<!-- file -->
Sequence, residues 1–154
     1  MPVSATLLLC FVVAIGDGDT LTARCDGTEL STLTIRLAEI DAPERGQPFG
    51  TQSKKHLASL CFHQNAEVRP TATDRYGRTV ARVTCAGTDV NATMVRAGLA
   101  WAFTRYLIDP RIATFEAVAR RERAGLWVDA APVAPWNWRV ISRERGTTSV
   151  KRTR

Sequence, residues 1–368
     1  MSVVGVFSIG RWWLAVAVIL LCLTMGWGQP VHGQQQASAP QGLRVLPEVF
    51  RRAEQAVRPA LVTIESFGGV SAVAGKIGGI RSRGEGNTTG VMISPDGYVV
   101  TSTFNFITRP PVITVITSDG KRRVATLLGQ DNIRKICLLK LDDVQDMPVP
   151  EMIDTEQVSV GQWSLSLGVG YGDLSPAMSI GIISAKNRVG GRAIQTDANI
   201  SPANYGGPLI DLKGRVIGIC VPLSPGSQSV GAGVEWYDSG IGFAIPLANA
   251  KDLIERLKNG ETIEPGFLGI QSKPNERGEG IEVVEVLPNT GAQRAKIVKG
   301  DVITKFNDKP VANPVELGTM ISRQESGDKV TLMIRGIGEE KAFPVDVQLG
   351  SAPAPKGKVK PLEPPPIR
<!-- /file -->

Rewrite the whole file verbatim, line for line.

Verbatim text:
Sequence, residues 1–154
     1  MPVSATLLLC FVVAIGDGDT LTARCDGTEL STLTIRLAEI DAPERGQPFG
    51  TQSKKHLASL CFHQNAEVRP TATDRYGRTV ARVTCAGTDV NATMVRAGLA
   101  WAFTRYLIDP RIATFEAVAR RERAGLWVDA APVAPWNWRV ISRERGTTSV
   151  KRTR

Sequence, residues 1–368
     1  MSVVGVFSIG RWWLAVAVIL LCLTMGWGQP VHGQQQASAP QGLRVLPEVF
    51  RRAEQAVRPA LVTIESFGGV SAVAGKIGGI RSRGEGNTTG VMISPDGYVV
   101  TSTFNFITRP PVITVITSDG KRRVATLLGQ DNIRKICLLK LDDVQDMPVP
   151  EMIDTEQVSV GQWSLSLGVG YGDLSPAMSI GIISAKNRVG GRAIQTDANI
   201  SPANYGGPLI DLKGRVIGIC VPLSPGSQSV GAGVEWYDSG IGFAIPLANA
   251  KDLIERLKNG ETIEPGFLGI QSKPNERGEG IEVVEVLPNT GAQRAKIVKG
   301  DVITKFNDKP VANPVELGTM ISRQESGDKV TLMIRGIGEE KAFPVDVQLG
   351  SAPAPKGKVK PLEPPPIR